There’s no question amongst scouts that Georgia Tech‘s Josh Okogie is going to be tough to play offense against. At the NBA Draft Combine, he led the whole combine in max vertical and 3⁄4 court sprint. Josh is only 6’4”, but has a 7 foot wingspan. Okogie is freakishly athletic for his size. The only question is his shot.
His athleticism helps Josh be a great cutter and mover without the ball, but that’s where the “certainity” stops. Elite athlete but not so elite shooting the ball. Okogie was 43.7% from the floor for his college career, and 38.2% from three.
So, Okogie is a great defender with great athletic abilities whose offensive game doesn’t fully translate to the next level. Who does that sound like??
Now, I hear what you’re saying already. “Tony was a better offensive guy in college.” Not exactly true. Tony Allen averaged 15.6 ppg and 5.5 rpg in his 3 years of college ball. Okogie averaged 16.9 ppg and 5.8 rpg. Assists? Allen 3.0 apg and Okogie 2.0 apg. Steals? Allen 1.35 spg and Okogie 1.5 spg.
Is it a stretch to call Okogie the next Tony Allen? Maybe. But for everyone that still thinks Grit and Grind is alive and well, Okogie may be the guy to bring it back from the edge of destruction. One other name attached by some as a good comparison is Robert Covington, which lines up statistically, but I think Okogie is much more of a “freak” athlete than Covington at this point in their careers. Also, Covington is 5 inches taller than Okogie and puts up the same offensive and defensive numbers, which is even more impressive on paper.
As former Memphis Tigers Head Coach Josh Pastner says early in the above video, Okogie is an “effective player because he’s an energy giver.” Motor will never be a question with Okogie. The title of that package calls him “Georgia Tech’s Fire Starter.” He led the Jackets in points per game even though he missed 8 games through the season. Josh rebounds well for his size, finishing 4th in the ACC among guards. Josh also did a great job of using his athleticism to average a little over 2 offensive rebounds a game and get the ball to the rim and draw contact.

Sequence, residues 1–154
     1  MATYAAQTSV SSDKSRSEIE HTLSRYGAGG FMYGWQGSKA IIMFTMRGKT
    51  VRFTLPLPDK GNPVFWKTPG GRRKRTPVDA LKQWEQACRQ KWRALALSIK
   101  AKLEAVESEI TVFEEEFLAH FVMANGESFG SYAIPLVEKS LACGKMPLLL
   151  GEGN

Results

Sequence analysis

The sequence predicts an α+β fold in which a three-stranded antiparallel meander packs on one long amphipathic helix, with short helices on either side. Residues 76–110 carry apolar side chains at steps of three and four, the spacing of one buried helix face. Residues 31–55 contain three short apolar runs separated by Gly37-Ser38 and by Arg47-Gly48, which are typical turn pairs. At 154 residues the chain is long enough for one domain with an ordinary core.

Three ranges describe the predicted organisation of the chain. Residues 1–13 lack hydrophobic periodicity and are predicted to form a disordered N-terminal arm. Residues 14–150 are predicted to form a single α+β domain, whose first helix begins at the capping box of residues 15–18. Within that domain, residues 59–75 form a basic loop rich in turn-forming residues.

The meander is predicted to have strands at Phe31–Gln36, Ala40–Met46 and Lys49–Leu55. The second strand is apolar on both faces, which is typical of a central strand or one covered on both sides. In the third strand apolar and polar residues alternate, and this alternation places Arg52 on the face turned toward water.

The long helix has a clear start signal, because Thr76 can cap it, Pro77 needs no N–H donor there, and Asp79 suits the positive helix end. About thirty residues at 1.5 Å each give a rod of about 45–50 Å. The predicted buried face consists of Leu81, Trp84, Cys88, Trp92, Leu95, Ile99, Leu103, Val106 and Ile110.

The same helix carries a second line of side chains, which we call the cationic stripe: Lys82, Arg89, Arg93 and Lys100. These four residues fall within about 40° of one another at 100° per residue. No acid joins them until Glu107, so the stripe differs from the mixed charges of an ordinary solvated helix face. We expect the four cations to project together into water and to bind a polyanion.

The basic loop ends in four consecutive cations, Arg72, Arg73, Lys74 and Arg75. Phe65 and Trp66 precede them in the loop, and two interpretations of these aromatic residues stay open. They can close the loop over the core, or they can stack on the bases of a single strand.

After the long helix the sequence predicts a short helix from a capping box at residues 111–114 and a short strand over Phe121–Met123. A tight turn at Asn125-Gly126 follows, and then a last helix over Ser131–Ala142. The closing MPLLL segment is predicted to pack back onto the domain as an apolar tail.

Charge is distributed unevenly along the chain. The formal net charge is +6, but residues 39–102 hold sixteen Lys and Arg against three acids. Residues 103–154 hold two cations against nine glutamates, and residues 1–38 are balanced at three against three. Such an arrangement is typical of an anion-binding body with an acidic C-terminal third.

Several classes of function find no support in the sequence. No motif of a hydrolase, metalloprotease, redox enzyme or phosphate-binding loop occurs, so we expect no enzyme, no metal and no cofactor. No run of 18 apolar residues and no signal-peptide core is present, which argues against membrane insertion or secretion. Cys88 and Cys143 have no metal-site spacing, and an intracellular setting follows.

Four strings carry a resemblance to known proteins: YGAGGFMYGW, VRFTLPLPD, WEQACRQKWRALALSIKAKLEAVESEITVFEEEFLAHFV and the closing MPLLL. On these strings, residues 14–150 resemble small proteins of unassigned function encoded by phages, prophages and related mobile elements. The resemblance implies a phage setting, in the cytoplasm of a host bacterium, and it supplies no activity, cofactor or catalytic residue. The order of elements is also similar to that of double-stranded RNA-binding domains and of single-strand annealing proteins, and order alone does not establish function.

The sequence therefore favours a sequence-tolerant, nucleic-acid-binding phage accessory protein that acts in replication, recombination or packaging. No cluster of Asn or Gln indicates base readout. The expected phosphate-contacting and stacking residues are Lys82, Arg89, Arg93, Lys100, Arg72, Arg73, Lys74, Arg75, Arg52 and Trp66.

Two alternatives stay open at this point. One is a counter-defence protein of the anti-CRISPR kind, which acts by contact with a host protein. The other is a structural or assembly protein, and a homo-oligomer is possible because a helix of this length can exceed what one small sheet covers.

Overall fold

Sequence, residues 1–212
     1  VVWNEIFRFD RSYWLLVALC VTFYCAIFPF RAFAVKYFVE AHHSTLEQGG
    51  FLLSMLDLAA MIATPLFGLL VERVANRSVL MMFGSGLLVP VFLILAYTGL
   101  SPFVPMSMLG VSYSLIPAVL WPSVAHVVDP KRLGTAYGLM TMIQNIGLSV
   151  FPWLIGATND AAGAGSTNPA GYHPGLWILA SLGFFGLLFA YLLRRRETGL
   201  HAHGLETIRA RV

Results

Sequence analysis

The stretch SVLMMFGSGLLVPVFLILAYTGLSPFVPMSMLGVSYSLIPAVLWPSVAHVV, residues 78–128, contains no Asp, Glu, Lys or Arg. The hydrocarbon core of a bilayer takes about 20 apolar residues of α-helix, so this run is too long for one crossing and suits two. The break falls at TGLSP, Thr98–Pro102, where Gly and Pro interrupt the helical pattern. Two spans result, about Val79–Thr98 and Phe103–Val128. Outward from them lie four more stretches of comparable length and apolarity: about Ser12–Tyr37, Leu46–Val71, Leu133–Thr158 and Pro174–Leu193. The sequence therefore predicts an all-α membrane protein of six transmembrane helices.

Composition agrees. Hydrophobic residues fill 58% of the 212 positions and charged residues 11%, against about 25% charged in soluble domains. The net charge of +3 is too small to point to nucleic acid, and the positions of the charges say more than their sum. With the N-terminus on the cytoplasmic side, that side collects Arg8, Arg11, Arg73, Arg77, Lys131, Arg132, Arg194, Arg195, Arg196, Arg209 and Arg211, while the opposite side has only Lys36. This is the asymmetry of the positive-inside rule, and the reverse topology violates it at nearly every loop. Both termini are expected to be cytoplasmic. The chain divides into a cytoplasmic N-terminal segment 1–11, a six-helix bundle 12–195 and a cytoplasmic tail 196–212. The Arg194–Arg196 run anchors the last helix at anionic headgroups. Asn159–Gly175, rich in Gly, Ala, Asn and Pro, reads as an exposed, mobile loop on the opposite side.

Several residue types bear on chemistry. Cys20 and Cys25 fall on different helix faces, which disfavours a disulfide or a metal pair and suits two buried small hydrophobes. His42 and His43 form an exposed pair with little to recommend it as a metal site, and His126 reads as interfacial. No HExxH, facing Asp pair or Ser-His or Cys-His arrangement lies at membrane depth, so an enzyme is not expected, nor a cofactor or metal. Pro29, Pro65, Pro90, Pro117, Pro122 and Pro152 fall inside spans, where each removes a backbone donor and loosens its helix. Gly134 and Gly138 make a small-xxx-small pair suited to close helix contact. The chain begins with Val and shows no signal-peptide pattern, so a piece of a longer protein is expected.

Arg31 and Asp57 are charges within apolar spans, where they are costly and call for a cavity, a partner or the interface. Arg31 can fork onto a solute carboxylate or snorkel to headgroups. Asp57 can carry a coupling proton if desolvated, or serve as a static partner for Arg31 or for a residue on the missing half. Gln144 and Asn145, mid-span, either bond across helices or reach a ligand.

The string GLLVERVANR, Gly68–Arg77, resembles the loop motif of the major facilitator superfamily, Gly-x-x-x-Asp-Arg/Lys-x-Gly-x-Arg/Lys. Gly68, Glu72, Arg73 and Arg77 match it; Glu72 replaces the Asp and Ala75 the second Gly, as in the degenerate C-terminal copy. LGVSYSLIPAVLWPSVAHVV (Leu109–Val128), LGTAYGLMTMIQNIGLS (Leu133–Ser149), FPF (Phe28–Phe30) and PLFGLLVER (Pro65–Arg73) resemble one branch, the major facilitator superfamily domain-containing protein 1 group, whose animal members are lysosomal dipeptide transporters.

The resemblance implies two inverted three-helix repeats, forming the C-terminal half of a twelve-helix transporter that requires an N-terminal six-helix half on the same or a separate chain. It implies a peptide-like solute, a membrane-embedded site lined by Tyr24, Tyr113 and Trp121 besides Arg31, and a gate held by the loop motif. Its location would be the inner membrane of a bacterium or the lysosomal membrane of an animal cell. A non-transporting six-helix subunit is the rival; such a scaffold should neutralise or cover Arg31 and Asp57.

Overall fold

As I stated at the beginning, Josh isn’t an “elite” shooter. Okogie‘s shot mechanics could be an issue as well considering his size. He has a direct, low (and sometimes slow) release that could get blocked often. Josh sometimes in pressure situations makes bad decisions with the ball, either taking ill advised shots or just throwing the ball away. Okogie averaged a little under 3 turnovers per game this past season at Georgia Tech, but at times was bailed out by his athletic abilities by drawing fouls, which won’t be as easy at the NBA level.
Fit with the Grizzlies
He’s probably not going to compete to be a starter wherever he lands, but Josh’s best usage right now may be as a 3 and D player off-the-bench, but could knock down some shots especially in catch-and-shoot situations. Josh would fit into the role left open by a player like (to a much lesser extent) Vince Carter. The curious thing to me still, is will his defending be elite enough that you can leave him on the floor knowing you won’t get a ton of offense (right now) from him? On a team that currently needs to get more athleticism on the wings, Okogie could fill a need if he can refine his shot and continue to bring the fire he showed in college.
If Okogie is still that guy, we could have the next Grindfather on our hands.